Exhibition and talks to share latest research into taste, smell and multisensory perception

Friday 21 November 2014

Exhibition and talks to share latest research into taste, smell and multisensory perception

Press Release 11 November 2014

‘The Hidden Senses: the secrets of taste and smell’, 21 November 2014, will share the latest research into multisensory interactions involving taste, smell and the other sensory modalities being carried out by psychologists, neuroscientists and philosophers working on the Rethinking the Senses project.

‘The Hidden Senses’ will include interactive talks, a public lecture and demonstrations that will challenge your preconceptions about your senses of taste and smell. Themes include how vital smell is to flavor perception, the many ways in which what you see impacts on your experience of eating and the remarkable connections between smell, memory and emotion. The event brings researchers from the humanities and sciences together with artists, experts from the world of perfumery and Fifth Sense, the UK’s first charity for people affected by taste and smell disorders, to engage with the public and convey the significance of our chemical senses.

Professor Charles Spence (Oxford) will give a public lecture on The Perfect Meal, drawing on his extensive research into multisensory food perception. The talk will move beyond the contributions of smell and taste to flavour perception, to examine how the other senses contribute in astonishing ways to our dining experience. Professor Spence will also be signing copies of his new book ‘The Perfect Meal: the Multisensory Science of Food and Dining’, co-authored with Betina Piqueras-Fiszman.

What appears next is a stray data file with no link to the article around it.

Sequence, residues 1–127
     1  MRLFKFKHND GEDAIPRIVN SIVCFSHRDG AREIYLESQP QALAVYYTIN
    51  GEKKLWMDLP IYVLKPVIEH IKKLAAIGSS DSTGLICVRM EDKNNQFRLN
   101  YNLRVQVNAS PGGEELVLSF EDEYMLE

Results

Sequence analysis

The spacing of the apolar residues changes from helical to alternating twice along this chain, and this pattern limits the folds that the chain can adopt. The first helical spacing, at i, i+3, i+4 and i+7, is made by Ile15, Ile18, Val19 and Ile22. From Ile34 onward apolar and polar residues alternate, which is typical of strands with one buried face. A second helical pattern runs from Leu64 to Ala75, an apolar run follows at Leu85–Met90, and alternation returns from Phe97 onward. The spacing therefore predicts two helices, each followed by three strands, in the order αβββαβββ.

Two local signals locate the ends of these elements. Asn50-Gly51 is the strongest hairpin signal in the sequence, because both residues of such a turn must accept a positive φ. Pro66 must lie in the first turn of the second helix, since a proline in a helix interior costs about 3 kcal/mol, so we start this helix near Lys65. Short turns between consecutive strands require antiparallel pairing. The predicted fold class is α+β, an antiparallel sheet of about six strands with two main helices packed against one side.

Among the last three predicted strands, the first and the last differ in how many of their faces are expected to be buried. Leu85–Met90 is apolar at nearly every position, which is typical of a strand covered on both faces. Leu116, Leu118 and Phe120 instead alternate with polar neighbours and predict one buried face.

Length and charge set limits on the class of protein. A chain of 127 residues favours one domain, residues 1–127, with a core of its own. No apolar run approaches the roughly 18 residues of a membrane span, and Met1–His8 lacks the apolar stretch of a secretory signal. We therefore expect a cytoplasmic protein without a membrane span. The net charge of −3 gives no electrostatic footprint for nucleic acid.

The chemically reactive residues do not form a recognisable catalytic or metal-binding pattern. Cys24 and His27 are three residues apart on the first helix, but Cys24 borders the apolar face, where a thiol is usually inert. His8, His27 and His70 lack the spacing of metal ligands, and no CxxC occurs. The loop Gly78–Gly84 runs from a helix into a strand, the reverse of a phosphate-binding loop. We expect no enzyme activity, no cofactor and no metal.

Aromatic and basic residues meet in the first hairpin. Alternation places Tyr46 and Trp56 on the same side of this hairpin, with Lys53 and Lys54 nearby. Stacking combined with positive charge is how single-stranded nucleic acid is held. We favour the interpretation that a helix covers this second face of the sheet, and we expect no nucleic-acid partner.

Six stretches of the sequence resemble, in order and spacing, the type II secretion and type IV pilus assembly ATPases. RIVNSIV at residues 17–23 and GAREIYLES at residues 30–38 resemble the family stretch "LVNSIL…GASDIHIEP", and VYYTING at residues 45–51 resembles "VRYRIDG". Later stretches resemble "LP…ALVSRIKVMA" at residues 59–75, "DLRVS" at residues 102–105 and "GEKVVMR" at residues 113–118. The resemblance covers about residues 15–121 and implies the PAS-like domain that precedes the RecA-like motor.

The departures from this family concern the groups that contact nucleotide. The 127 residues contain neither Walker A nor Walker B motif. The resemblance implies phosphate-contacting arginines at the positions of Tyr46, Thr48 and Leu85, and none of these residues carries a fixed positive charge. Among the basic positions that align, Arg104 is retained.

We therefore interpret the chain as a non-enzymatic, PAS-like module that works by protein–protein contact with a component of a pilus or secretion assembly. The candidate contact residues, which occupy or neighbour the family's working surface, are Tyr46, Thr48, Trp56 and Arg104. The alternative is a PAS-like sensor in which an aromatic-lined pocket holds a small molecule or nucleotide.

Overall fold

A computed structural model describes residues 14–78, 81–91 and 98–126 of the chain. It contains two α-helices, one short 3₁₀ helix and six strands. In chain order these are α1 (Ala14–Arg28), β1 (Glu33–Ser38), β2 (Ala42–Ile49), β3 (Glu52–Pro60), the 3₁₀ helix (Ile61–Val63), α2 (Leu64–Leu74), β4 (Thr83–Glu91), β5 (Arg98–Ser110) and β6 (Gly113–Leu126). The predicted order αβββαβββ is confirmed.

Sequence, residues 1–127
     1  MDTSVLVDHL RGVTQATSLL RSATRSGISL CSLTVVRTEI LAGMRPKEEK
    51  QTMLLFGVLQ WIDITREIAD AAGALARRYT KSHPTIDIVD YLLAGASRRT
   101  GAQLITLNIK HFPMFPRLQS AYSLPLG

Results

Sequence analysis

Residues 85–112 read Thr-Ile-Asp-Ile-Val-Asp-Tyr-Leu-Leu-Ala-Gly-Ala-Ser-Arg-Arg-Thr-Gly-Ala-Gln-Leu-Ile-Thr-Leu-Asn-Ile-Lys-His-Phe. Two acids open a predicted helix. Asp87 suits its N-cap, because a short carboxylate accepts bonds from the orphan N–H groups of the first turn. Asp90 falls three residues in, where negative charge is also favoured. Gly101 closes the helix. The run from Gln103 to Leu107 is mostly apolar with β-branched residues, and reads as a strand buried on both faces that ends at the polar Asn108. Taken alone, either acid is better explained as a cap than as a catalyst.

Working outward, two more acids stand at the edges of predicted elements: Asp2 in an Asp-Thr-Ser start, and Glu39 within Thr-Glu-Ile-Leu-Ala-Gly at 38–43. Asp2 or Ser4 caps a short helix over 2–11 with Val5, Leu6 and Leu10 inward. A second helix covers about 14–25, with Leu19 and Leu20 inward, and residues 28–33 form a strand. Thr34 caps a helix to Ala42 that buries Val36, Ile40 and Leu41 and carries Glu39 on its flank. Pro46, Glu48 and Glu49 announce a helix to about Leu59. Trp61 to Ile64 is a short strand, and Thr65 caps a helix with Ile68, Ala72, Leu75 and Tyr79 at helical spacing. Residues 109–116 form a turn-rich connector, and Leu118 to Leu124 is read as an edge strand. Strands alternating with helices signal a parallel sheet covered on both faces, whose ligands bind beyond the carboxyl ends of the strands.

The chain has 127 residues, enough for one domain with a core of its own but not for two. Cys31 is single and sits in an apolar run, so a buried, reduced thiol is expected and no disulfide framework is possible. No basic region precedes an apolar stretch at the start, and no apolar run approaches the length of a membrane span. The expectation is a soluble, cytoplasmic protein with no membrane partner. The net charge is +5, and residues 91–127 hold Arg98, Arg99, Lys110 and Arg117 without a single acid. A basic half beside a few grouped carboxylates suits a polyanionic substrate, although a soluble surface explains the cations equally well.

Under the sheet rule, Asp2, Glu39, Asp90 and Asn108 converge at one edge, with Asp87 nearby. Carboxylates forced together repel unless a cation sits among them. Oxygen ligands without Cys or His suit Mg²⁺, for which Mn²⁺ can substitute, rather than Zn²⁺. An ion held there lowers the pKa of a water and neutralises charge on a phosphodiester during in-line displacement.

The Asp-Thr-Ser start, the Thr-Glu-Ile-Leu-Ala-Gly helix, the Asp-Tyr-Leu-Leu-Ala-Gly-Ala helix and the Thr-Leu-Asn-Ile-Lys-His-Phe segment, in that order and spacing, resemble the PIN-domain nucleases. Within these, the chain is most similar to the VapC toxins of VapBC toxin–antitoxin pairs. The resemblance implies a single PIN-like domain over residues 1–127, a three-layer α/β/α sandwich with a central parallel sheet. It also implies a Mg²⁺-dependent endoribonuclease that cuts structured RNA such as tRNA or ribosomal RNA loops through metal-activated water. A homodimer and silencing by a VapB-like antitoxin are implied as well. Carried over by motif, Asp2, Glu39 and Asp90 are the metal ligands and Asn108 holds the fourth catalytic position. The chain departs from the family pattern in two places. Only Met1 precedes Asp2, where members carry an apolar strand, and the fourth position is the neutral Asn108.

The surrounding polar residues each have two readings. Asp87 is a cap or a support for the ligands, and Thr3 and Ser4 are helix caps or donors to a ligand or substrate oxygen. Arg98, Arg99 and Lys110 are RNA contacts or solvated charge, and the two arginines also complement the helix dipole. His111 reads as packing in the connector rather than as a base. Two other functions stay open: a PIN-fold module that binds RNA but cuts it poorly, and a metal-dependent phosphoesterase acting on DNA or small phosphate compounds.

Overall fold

Award-winning perfume writer Persolaise and perfumer and perfume historian Stephen Nelson, will talk about the history of perfume and how we can capture the qualities of scent in prose. Dr Jonathan Silas and Dr Margot Crossman will lead an experimental demonstration on fragrance and memory, and Dr Ophelia Deroy will explore the plating of food in collaboration with the experimental team from a 3 star Michelin restaurant.

A collection of demonstrations will allow you to investigate the research for yourselves using your own senses of taste and smell. Highlights include the Scentee, a device for your mobile that digitalises smell created by Professor Adrian Cheok of the Mixed Reality Lab, and Fifth Sense’s Smell the Difference challenge. ‘The Lab’ will show how taste and smell are tested in the laboratory and an interactive art installation from photojournalist Eléonore de Bonneval will reveal the value of our senses of smell in our daily lives.

‘The Hidden Senses’ will be held at the Science Museum’s Dana Centre on 21 November 2014. Demonstrations, interactive installations and testing in The Lab will run from 2pm until 8pm and are open to all. The public lecture (2.30pm and repeated at 7pm) and interactive talks (3.30pm and repeated at 5.30pm) are free but booking is required. Information about booking can be found at www.thesenses.ac.uk/.